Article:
So a little while ago, the Canadian Liberal Party bid on the names of candidates running against their own candidates, and those who clicked on the ads found themselves Liberal Party pages. The problem was, however, was that the PPC campaign seemed to lack direction. As one SEOer noted:

The Liberals clearly have no measurable goals for the ads and site to achieve. […]

From what I can tell, the Liberals are just buying search engine advertising in order to get exposure and to project an image of a technologically inclined party.

This all, of course, begs the question: how to effectively leverage PPC advertising toward substantial electoral gains? Well, when it comes to the party’s national campaign, it’s by paying close attention to four variable: (1) keywords; (2) geo-targeting; (3) relevant landing pages; and (4) timing.

How to Get Started
Every electoral campaign is dominated by certain key issues, and it is on these issues that parties have the potential to leverage PPC advertising in their favor. So first they should compile a list of keywords that relate to the issues that are dominating the race.

Second, electoral (PPC) campaign organizers need to determine what they want voters to find when they are running searches on these issues and develop landing pages accordingly. The party’s homepage isn’t going to cut it. Parties need to develop informative, impressive, and persuasive content pages that are going to reflect the kind of information that voters are expecting to find through an organic search. Of course, these pages should also get the party’s message on that issue across.

Third, PPC electoral campaign managers are going to have to decide on the exact nature of those landing pages. While it’s not exactly legal to conceal ownership/sponsorship, users are often looking for objective facts. The party might therefore want to consider using a personal touch to woo the electorate. If the party has a particular personality or candidate who has been championing a certain issue, then they might want to put that candidate’s stamp on the landing pages. Conversely, if that personality is particularly unpopular in certain ridings/districts, the party might consider using geo-targeting to provide voters in those regions with different landing pages (see step #5).

The fourth step would be to set up accounts with both Google and Yahoo. These are the two biggest players in search, and campaign organizers should divide their budget along the lines of approximately how many searches each one processes (about 2/3 Google, and 1/3 Yahoo).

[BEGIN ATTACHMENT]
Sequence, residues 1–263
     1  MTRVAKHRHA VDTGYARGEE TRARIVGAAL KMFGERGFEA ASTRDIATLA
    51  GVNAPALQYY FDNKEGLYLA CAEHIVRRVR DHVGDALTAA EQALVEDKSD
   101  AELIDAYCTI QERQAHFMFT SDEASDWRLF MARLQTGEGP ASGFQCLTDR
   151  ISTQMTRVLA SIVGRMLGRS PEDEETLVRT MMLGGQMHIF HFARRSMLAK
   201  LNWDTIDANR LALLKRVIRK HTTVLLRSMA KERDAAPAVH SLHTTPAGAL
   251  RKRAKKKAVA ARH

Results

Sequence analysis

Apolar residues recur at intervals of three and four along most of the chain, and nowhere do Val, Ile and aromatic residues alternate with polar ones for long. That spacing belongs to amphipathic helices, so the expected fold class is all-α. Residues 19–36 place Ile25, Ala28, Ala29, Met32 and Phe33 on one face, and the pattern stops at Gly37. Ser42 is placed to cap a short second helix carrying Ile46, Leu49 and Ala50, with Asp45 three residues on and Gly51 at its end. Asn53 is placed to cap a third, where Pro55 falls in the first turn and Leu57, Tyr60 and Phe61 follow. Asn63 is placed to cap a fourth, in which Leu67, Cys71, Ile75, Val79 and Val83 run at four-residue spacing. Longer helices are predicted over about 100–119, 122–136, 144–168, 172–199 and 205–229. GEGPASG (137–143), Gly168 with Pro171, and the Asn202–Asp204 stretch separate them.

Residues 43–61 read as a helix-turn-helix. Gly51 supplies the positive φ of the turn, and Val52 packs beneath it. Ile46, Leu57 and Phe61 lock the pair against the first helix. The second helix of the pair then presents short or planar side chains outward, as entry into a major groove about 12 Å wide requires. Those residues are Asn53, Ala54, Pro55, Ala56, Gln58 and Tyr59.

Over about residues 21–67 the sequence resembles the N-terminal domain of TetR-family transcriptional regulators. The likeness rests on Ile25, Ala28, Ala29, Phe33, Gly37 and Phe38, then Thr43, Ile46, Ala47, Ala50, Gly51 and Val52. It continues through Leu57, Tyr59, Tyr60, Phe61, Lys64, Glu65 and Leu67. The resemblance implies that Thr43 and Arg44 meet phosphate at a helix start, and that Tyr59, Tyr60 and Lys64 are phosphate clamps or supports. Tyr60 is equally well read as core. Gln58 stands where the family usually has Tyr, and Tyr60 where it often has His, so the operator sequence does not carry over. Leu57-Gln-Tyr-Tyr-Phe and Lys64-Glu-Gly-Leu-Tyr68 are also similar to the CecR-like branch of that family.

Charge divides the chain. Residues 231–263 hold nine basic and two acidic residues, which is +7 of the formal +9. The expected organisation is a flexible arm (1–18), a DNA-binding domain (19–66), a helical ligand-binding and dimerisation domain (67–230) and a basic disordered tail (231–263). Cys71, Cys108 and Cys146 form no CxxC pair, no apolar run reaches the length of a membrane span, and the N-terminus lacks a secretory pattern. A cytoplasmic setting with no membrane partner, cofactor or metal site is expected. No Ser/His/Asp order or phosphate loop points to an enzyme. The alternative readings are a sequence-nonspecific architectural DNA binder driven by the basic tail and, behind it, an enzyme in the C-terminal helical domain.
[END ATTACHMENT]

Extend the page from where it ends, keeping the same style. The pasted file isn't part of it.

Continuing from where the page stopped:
Fifth, party campaign organizers need to actually bid on the keywords they’ve selected. Most importantly, they need to remember to geo target these ads. First, they need to make sure that these ads are only showing up on searches being conducted in their country. Secondly, if there are particular regions where the party is losing ground on certain issues, they might want to have more of their ads for keywords relevant to those issues being displayed to users in those regions. Similarly, geo-targeting can be used to ensure that voters in different ridings are directed to landing pages that are custom tailored for the demographics of that riding (as per step #3).

Fifth, campaign organizers need to consider the timing and time-frame of these campaigns. Unless campaign organizers are willing to sink a considerable investment into their PPC electoral campaign, it should be reserved for the closing weeks of the race — maybe the last 1-2 weeks leading up to polling day. Otherwise, such a campaign could get pretty expensive.

Finally, and also because of cost concerns, it is best to reserve PPC campaigning for the most contentious issues and only in riding where the race is most competitive. Unlike commercially motivated PPC ads, it is difficult to measure the conversion rate of these ads. Consequently, it becomes difficult to test and tweak your keyword bids and the content of your landing pages. This is also why geo targeting is so important.

All in all, the rules for a successful national level PPC electoral campaign are pretty much the same as those for running any successful PPC campaign: (1) choose the right keywords; (2) use geo-targeting your ads according to market/electorate demographics; and (3) design relevant landing pages. Since there’s not certain way to measure conversion rates (i.e. ROI), however, party campaigner just might want to be a bit more selective about what issues they bid on keywords for, and for how long they run those campaigns.

Leave a Reply

Your email address will not be published. Required fields are marked *